While we have a large network of people in Nepal who include us as if we were family members, call us Didi and make us feel like we have an extended family, we also have a family in our very home who are extra special to us.
They live on the ground floor in our shared house, where they run a small shop selling everyday items and basic food such as rice, tomatoes and eggs. The family also keep chickens and turkeys on the roof terrace!
Our Nepali family consists of four core members; Binita, Dinesh, Sanjana and their newborn baby Bhoraj and as we are included in family events we feel like part of the greater family as well. We now wish to introduce our core family here in Putalibzar:
Sanjana is our precious little sister, a 13-year-old who loves to laugh of our fear of spiders. This brave little girl has no problem with killing them or tease us with plastic spiders or pretending to see one. Since the first day we have not called her anything other than Bahini, which means little sister in Nepali, and she goes in and out of our apartment as she wants. She is continuing to lean knitting from Guri, and Svanhild helps her with homework from time to time – and all the things she teaches us are many more than we can explain here!
Dinesh is the father of the family, and local to our village Gumti within Putalibazar.
He spent eleven years working for an ice cream company in Qatar in order to earn money that could be invested in building the house we currently live in!
During the very busy orange season he also works long days transporting oranges to the nearby cities so that they reach there early in the morning.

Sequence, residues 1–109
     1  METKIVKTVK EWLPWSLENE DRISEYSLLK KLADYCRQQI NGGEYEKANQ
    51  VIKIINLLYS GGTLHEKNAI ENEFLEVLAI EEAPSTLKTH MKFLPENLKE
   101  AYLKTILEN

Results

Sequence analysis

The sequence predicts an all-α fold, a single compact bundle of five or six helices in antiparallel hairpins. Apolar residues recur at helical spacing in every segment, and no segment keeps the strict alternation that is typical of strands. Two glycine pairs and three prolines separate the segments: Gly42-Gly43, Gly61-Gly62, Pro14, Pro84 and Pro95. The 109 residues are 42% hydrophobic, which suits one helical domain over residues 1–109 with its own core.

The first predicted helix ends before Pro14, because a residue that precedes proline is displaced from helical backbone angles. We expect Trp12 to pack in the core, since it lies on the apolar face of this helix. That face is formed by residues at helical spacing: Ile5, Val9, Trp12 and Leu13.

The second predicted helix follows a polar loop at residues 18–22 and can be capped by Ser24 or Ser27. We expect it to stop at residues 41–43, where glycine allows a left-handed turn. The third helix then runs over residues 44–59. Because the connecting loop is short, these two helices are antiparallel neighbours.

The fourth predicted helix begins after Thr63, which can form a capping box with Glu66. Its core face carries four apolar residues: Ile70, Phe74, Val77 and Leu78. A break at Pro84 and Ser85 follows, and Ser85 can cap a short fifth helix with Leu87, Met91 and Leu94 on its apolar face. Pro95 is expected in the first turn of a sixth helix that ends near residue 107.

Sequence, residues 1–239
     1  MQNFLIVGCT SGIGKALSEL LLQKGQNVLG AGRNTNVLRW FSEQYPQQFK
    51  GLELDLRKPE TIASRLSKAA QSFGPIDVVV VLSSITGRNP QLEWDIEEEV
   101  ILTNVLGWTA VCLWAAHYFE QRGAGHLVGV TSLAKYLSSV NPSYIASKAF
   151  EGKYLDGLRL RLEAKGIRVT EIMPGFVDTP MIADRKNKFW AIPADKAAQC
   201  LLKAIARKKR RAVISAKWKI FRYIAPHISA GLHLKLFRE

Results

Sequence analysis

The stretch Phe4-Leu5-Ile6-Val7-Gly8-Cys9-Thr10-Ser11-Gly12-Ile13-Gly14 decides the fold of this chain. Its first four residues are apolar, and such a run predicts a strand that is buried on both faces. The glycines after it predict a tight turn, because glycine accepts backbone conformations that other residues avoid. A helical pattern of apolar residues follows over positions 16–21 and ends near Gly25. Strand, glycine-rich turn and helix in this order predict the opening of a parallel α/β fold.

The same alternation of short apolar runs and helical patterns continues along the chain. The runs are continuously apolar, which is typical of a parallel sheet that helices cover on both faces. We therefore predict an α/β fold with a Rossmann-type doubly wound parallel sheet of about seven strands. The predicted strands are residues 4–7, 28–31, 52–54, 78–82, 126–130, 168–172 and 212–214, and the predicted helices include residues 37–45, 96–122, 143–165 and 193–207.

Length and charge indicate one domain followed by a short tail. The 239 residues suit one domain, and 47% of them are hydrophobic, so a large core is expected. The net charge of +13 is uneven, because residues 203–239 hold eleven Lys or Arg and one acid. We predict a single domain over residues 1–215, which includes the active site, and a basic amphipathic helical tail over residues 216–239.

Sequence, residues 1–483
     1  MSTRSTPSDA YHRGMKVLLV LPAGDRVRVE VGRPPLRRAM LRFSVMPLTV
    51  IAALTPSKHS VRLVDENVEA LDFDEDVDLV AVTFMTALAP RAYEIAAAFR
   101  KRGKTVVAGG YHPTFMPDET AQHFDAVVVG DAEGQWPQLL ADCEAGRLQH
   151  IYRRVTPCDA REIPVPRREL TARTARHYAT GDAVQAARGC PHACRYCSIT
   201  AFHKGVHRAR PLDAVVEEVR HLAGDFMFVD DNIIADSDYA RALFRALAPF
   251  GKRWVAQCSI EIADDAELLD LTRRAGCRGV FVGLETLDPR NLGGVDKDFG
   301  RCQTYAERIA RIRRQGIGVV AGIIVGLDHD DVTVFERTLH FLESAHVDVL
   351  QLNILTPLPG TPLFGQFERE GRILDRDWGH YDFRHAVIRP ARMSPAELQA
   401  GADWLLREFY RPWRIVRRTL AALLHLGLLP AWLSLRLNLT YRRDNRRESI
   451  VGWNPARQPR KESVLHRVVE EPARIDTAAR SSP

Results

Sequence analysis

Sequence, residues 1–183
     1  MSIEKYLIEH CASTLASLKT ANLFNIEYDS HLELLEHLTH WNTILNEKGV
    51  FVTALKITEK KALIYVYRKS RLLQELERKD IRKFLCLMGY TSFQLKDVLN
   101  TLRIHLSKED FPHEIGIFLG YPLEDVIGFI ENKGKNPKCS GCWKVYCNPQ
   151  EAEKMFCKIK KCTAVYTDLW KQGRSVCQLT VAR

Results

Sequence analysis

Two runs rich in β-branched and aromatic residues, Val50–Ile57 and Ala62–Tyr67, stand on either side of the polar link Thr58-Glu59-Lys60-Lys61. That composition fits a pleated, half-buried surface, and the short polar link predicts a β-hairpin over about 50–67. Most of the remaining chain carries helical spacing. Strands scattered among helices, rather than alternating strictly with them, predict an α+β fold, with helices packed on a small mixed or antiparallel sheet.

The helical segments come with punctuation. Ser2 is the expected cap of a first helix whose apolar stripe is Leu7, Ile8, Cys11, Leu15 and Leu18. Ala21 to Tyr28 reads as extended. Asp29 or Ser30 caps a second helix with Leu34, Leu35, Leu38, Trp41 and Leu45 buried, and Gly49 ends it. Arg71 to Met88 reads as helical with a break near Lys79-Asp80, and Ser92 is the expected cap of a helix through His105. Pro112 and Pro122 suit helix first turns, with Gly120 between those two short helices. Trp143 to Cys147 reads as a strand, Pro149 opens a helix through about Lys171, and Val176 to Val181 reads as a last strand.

Binita is the mother of the family and although we call her Didi (big sister) she acts like a mother to us as she looks after us and often shares tasty Nepali food for us to try.
If we are ill she will offer care and ask for updates on our health, she kindly teaches us many Nepali words to improve our communication and explains local customs. When invited to our neighbours marriage ceremony she even attended it with us – and helped us dress up in saree!
When we first moved to Putalibazar Binita was in the middle of her second pregnancy, and just last week she gave birth to her second child! We were most thrilled to meet the new family member, and wish we could be here for the traditional (first) rice-feeding ceremony which happens when the baby is 6 months old. Our new Bhai (little brother) did not have a name until today, as it is given eleven days after birth. It was done this morning in a ceremony by a priest who decides the name, writes it on a leaf that is rolled up and then used to tell the name through to the baby.
The selection of the name is based on the month, time of birth and position of the stars – and is considered to be a mathematical and astronomical calculation based on the childs horoscope.
Therefore it is a priest, and not the parents who gives the childs official name. Still, parents sometimes gives another name, or a nickname, and do not have to choose which one is official until the child starts school and must register it officially. Yet, the given name is always used for religious ceremonies such as marriage.
We have to share that our time here in Nepal would not be the same without them and the thought of leaving (until next time) is already difficult.